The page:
the claim that Bendectin causes birth defects. In Professor Bernsteins
view, this approach is wrong for two reasons. First, it contradicts
Daubert because that decision requires that admissible expert testimony
qualify as science. Since the same flimsy sorts of animal studies
had been presented to support the plaintiffs Bendectin claims,
testimony regarding the Depo-Provera claims should also have been
excluded. In the words of Professor Bernstein, this approach was
erroneous because "somethings either science or its
not." A plaintiffs evidence cannot be transmogrified
into science based on a defendants inability to produce evidence
on the other side. Second, and more obviously, the plaintiff has
the burden of proof. It was thus fundamental error in Ambrosini
to give dispositive weight to the lack of contrary evidence presented
by the defendant when deciding whether to grant a Daubert motion.
(The Joiner opinion is similarly guilty of improper burden-shifting.
See Joiner, 78 F.3d at 537 (Smith, J., dissenting) (citing Daubert).)
Professor Bernstein also added to his reading list in this area
the Ninth Circuits decision in Hopkins v. Dow Corning Corp.,
33 F.3d 1116 (9th Cir. 1994), cert. denied, 513 U.S. 1082 (1995).
The district judge in Hopkins should have excluded the plaintiffs
experts according to Professor Bernstein. (It will come as little
surprise to Federalists that the district judge in Hopkins was Thelton
Henderson, the same judge who struck down the California Civil Rights
Initiative on logic that was tantamount to arguing that affirmative
action is not only constitutionally permissible but constitutionally
compelled. See Coalition for Economic Equity v. Wilson, 946 F.Supp.
1480, revd 110 F.3d 1431 (9th Cir. 1997).)
Continuing with his attack on the absent Roisman, Professor Bernstein
turned to Roismans assertion that cases are sometimes ahead
of the curve. Professor Bernstein was willing to entertain the possibility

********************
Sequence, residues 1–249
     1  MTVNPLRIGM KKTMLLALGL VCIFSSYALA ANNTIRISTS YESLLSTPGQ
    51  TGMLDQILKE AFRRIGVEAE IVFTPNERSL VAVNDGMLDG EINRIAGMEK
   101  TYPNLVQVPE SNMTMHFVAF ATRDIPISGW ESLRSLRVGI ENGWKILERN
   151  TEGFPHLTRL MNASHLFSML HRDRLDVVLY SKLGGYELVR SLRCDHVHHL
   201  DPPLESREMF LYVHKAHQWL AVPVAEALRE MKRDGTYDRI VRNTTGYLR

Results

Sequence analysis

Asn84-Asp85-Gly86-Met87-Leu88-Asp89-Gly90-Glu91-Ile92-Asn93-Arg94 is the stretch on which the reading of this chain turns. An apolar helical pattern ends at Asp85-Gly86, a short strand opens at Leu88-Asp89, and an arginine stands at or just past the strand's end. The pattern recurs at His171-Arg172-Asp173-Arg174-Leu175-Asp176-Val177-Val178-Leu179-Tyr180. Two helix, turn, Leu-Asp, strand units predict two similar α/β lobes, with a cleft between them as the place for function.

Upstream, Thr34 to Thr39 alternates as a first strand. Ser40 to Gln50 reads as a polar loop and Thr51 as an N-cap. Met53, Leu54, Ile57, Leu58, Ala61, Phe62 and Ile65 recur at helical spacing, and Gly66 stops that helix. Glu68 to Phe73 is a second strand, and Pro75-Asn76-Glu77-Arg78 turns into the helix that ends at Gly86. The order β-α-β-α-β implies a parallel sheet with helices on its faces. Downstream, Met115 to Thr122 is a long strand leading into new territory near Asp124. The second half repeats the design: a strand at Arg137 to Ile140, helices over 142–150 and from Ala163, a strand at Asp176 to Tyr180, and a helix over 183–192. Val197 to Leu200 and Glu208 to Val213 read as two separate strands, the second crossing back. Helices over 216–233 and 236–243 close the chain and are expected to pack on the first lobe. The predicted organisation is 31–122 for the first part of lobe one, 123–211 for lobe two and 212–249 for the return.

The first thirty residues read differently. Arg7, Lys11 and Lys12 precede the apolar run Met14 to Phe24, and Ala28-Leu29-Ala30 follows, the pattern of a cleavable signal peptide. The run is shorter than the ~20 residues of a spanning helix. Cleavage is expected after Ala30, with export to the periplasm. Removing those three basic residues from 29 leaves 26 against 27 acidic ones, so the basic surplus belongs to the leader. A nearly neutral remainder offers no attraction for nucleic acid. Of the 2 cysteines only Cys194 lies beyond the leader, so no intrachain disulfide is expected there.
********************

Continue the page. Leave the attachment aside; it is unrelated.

that a few true Galileos might somehow find their way to testifying
for plaintiffs. The problem, Professor Bernstein argued, is a practical
one -- most of the new "scientific" theories advanced
in the courtroom turn out to be wrong. Perhaps a different set of
legal rules should obtain if the opposite were true, but it is not.
Thus, keeping a few Galileos out of the courtroom is a small price
to pay to obtain the benefits of excluding a host of quacks.
Professor Bernstein associated Roismans approach with that
of fellow Professor E. Donald Elliott. Particularly irksome to Professor
Bernstein is Professor Elliotts assertion that "Toxic
tort cases are about good and evil, about corporate greed and indifference,
and about risk of the unknown. But above all, toxic tort cases are
about redefining our public morality for a new era in which we must
confront the troubling truth that we do not fully comprehend the
relationships between the things that we have made and our health
and well-being." Planning and Managing Mass Toxic Tort Cases,
C534 ALI-ABA 605, 611 (1990). "Redefining our public morality"
"is a bit much to ask of our tort system," Professor Bernstein
maintained. Professor Bernstein also found Professor Elliotts
pioneering sense of justice questionable since Professor Bernstein
believes that plaintiffs should have to establish that there has
truly been a victim before being allowed to secure a recovery from
a potentially blameless party. Mere status as a corporation and
the environmental track record of corporations generally should